The book’s beautifully crafted dark mood is maintained throughout, not only by twists of plot but also by subtle references to the weather and the relentless rain. McGivern paints a portrait of  a corrupt city populated with greedy politicians, brutal gangsters, and a handful of good people who stand up for Bannion. Along the way to justice, Bannion meets Debby (Gloria Grahame in the film), the girlfriend of classless gangster, Max Stone (played by Lee Marvin), and in a very peculiar, yet brilliantly unexpected way, Debby becomes a sort of salvation for Bannion. For this reader, the best scene in the book occurs when Bannion confronts Mrs Deery and we see just how awful this seemingly-respectable widow really is. The roles given to the women in the book are fantastic–there’s Kate, Bannion’s wife who is the exact opposite of Mrs Deery, and then there are two women who exist on the fringes of society, Lucy and Debby, who both make incredibly strong moves and pay the price.

gunIf you’re going to buy a copy of The Big Heat, then try to get your hands on the version pictured here from ibooks. This edition contains an afterword from the author in which he explains some fundamentals about the book and the film, and a very significant meeting he had with Fritz Lang in Rome in 1962. This great director explained to McGivern exactly why he connected with the film and its depiction of a man standing up to evil. There are just a few differences between the book and the film, and it’s a classic case of the film version capitalizing on the visuals implied by the book.

204 pages including afterword


Filed under Fiction, McGivern William P

The Birds and Other Stories by Daphne du Maurier

Regular readers of this blog know that I am fascinated by the book-to-film connection. Films don’t have to slavishly follow the books on which they are based–case in point: Balzac’s  Colonel Chabert. In the film version, the role of the lawyer Derville is greatly expanded, and only the visuals of a film could convey the immense human carnage and the frozen dead at the Battle of Eylau. And this brings me to Daphne du Maurier’s The Birds–one of six stories in this excellent collection. The foreword is written by David Thomson, and rather interestingly, it focuses on the Hitchcock-du Maurier connection. I didn’t really expect that, but was very pleased to read this essay in which Thomson explores the relationship between the writer and the director, noting that “they were good to each other,” and then listing the films Hitchcock made from du Maurier’s books and stories. There’s even an anecdote to consider–a conversation that took place between Truffaut and Hitchcock when the former asked Hitchcock “how many times he’d read The Birds.”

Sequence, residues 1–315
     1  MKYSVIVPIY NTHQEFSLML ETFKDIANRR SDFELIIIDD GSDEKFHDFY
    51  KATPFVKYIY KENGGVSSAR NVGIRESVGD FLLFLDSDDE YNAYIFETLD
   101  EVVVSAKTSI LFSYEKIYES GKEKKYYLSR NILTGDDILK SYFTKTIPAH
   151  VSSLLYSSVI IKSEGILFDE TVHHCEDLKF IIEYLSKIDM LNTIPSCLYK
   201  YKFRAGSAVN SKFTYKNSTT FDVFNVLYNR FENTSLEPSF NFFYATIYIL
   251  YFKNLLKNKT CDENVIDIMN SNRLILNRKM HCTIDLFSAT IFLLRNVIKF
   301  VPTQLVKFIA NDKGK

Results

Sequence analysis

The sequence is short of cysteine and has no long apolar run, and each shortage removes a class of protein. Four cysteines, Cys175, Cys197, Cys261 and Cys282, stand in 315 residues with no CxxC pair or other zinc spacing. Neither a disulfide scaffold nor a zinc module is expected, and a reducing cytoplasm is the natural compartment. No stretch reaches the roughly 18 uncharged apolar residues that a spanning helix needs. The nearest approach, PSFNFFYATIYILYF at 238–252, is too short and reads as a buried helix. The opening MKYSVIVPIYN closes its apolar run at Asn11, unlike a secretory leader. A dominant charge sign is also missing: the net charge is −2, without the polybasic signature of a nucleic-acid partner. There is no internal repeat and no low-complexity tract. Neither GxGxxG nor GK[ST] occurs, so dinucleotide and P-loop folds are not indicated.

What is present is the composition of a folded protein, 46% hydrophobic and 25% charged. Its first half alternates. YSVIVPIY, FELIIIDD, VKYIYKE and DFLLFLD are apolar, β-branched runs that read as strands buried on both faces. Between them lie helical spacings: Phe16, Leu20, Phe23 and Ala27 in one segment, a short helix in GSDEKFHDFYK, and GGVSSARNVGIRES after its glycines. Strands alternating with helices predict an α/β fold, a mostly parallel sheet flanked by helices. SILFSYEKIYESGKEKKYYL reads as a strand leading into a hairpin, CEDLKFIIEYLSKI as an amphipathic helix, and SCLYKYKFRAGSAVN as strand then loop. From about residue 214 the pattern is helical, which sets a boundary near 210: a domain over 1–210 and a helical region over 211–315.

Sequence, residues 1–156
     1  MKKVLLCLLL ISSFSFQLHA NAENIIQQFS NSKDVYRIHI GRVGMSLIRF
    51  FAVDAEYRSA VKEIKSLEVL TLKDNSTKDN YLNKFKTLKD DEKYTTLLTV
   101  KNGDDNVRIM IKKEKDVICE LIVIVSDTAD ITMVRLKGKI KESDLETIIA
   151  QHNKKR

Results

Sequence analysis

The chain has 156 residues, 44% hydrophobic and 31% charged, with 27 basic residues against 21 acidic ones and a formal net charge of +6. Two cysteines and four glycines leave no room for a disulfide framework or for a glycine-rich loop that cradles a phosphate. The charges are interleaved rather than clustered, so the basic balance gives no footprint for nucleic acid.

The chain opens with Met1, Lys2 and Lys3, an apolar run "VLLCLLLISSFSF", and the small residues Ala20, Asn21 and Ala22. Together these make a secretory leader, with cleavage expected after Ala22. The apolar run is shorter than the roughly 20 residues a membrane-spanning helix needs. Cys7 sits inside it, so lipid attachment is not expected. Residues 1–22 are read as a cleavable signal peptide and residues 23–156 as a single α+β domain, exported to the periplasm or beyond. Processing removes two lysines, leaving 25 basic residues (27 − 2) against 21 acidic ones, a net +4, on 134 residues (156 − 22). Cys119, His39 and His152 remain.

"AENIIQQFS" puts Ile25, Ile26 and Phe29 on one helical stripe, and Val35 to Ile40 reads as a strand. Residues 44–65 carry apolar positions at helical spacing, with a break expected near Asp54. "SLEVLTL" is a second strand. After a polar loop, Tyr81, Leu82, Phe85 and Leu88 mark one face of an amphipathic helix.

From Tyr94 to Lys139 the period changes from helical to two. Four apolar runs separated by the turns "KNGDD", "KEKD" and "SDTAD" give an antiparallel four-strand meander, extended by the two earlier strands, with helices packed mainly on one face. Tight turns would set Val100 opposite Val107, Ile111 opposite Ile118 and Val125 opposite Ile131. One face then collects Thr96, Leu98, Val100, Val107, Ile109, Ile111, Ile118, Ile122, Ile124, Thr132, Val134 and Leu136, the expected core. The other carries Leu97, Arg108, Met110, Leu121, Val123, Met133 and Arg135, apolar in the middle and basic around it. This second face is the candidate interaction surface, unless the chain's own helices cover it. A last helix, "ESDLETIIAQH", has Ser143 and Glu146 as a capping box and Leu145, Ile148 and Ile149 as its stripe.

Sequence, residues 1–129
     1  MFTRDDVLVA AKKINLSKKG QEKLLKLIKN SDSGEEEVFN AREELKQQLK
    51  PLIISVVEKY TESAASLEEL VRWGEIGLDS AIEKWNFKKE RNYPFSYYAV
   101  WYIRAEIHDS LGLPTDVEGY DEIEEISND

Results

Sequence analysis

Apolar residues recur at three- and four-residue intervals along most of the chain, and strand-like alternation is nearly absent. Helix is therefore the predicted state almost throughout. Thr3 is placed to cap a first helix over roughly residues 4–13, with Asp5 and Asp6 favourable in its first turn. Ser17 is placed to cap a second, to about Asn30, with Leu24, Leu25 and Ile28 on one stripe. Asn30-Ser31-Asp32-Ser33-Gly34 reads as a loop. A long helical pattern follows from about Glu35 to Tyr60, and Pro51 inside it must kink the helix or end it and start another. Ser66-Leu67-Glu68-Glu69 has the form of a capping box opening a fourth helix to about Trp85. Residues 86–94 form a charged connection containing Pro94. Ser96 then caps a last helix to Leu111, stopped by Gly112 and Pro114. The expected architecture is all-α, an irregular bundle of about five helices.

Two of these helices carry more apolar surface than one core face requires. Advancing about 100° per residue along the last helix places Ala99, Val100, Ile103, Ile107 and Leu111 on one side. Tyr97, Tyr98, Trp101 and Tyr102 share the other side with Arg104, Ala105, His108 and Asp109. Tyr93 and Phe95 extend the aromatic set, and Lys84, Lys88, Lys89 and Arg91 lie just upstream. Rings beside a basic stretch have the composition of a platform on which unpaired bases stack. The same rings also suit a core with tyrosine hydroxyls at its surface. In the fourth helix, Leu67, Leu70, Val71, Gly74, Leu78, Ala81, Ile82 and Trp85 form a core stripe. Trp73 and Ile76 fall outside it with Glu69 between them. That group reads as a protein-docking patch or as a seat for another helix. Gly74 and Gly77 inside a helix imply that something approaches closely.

What I do is to read a story only once, and if I like the basic idea, I just forget all about the book and start to create cinema.

The foreword goes on to explain Hitchcock’s dilemmas with Rebecca & Jamaica Inn, and also how Hitchcock’s vision of The Birds gave us the film we have today. Certainly if any film captures an audience with its visuals, then that film must be The Birds. The Birds is, arguably, as iconic a film as Psycho, so there’s really no need to delve into plot other than to say it’s Birds vs Man. Yes there’s plenty of visual imagery in the story (the film was shot at Bodega Bay), but interestingly, for this reader, it’s the silences contrasted with the sounds that resonate in my memory.